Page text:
With the days growing steadily warmer, it’s clear that summer is rapidly approaching. And the vegetation is readying itself for the occasion with an abundance of blossoming flowers. During the last two weeks the average temperature has hovered around 30ºC. That’s what we Africans like to call spring! As the seasons change, what strikes one most are the wonderful aromas the bush has to offer. Driving past the Acacia trees, Stink Sheppard’s bushes, Wild sage, and many other shrubs and trees that dot our landscape, is a truly heady experience.
We’re definitely heading towards the end of the dry season, but for the herbivores – especially the eland and kudu – that’s small consolation. While most of the animals are still in reasonable condition at this time of year, we’ll often come across a very thin looking impala, kudu or eland. The photo of the old eland bull shows the condition that some of the more mature individuals currently find themselves in. This old guy is working his way along the major riverine areas, where the vegetation is still dense and therefore makes for more nutritious feeding. He’s taking a big risk searching for food around here though, as these parts are also where the lions like to hunt and rest. I mentioned in a previous newsletter how the predators are literally picking the buck from the riverbeds like fruit from a tree. Warthogs have it a little easier though, as they often move into the camps to feed on the oasis of green pastures. And being omnivorous, they’re also not adverse to tucking into the carnivores’ leftovers.
Sightings of the big predators: leopards, lions, spotted hyenas and cheetah, have been good over the past two weeks. The female leopard and her three cubs are definitely the star attraction of the show, particularly as we manage to find them on an almost daily basis. On a couple of occasions I found the cubs hanging out in a large Mashatu tree, waiting patiently for their mom to fetch them and lead them back to the kill she’d made. In some areas these trees grow in close proximity to one another, and it’s really interesting to note how the little leopards will each go off into their own tree when given the opportunity.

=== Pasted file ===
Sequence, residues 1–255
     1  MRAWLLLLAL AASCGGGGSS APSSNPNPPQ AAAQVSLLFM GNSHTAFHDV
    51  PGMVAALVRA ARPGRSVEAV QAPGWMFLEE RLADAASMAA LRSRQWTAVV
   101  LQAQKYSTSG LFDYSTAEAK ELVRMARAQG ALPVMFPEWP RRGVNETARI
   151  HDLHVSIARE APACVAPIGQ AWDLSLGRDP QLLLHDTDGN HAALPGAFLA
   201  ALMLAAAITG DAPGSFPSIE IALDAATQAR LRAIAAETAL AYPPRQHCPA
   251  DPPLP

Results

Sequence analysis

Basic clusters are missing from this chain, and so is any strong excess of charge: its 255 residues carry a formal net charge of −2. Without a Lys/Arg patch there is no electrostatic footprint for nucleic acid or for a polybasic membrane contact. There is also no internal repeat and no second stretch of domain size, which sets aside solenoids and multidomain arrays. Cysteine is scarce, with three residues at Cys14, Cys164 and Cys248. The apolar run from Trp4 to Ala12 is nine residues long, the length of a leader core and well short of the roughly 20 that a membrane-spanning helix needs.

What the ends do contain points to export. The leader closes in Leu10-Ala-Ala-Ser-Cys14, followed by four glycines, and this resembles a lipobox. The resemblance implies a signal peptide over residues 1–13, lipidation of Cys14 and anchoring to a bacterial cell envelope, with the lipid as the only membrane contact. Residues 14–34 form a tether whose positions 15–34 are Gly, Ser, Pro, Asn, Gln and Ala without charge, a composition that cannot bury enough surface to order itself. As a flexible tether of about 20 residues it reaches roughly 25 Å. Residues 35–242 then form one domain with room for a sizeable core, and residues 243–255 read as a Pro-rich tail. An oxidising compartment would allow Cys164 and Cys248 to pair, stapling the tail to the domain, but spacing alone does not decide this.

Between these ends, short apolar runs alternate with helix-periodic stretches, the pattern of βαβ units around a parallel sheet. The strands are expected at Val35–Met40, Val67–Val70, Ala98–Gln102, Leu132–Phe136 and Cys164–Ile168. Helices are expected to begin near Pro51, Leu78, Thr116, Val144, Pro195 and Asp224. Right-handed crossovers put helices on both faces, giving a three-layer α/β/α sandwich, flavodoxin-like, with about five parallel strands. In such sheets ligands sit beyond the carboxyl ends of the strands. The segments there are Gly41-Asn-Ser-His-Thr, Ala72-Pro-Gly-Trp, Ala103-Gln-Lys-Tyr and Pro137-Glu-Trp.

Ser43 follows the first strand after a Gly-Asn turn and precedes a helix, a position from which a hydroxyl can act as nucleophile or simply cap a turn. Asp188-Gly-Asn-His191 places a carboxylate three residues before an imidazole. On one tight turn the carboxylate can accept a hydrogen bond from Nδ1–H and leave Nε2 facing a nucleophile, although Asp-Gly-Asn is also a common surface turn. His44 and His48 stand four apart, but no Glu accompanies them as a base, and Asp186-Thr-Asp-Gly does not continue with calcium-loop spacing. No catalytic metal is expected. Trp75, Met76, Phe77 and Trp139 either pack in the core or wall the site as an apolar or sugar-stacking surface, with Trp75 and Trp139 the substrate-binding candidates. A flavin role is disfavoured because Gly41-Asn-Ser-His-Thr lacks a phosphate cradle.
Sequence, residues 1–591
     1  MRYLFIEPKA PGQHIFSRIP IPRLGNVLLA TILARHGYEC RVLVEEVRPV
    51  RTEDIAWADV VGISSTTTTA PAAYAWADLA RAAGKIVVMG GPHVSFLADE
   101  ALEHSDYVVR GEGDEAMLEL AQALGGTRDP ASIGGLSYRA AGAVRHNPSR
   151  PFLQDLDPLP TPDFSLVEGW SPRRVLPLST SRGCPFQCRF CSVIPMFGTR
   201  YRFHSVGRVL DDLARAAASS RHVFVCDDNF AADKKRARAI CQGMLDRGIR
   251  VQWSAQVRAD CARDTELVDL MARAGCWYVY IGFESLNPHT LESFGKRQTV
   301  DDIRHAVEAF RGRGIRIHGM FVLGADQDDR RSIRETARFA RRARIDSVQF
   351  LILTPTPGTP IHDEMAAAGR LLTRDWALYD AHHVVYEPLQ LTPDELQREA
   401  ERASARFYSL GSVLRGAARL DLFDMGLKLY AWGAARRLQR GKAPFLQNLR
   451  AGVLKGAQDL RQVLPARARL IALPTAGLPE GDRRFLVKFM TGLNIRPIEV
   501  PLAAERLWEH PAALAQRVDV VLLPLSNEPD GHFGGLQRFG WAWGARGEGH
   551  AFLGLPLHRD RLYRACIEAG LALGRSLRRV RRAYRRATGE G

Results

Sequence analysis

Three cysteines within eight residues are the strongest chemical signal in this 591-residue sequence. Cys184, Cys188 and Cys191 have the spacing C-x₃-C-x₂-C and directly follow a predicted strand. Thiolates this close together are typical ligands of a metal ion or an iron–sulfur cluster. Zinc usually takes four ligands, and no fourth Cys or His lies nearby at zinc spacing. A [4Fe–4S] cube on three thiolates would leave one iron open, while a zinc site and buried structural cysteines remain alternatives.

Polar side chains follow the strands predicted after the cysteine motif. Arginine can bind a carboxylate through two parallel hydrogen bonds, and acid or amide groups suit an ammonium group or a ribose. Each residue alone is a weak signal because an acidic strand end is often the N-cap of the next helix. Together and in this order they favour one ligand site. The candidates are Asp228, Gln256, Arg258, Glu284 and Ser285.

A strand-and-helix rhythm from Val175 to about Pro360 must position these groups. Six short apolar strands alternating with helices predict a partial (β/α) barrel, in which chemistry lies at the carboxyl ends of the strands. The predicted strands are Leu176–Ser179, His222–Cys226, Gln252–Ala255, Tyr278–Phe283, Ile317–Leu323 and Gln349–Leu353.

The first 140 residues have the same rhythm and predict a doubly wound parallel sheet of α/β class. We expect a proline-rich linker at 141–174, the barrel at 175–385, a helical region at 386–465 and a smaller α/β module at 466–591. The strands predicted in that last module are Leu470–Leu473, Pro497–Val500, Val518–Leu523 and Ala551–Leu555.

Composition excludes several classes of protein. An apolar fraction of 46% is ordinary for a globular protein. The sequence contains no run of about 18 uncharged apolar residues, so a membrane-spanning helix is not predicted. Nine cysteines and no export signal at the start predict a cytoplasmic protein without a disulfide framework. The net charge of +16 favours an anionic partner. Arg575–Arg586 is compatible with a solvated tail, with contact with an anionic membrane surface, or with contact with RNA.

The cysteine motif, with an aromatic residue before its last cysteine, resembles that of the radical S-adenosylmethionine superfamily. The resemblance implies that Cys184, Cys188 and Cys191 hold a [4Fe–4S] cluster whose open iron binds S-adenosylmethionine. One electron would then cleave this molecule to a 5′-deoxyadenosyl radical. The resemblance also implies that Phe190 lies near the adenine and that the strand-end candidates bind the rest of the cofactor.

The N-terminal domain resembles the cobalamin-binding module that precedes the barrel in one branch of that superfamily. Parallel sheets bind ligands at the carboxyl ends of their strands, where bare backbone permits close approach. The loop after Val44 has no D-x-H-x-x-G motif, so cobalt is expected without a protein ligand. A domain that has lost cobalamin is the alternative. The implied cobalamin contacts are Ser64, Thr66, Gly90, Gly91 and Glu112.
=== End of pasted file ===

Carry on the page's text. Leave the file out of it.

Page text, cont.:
We end this week’s update with some really good news. We’ve found the pack of Wild dogs again! This particular pack consists of four adults and five healthy looking pups. The pack’s alpha female looks to be in very good condition as well. And because they form part of our Northern Tuli Predator Project, we’ll be fitting a satellite collar onto one of the pack members. This will enable us to further our understanding of how these endangered carnivores function within the ecosystem. They have such massive home ranges that it’s often quite difficult to keep track of them, so the collar will definitely help in this regard.
See you out there,
PLEASE NOTE: This blog is still in it’s infancy stages so the Sightings maps, Predator maps and CyberDiary Archives aren’t up and running just yet. The Pete’s Pond is live however, so make sure to wander over there and see what the animals are up to.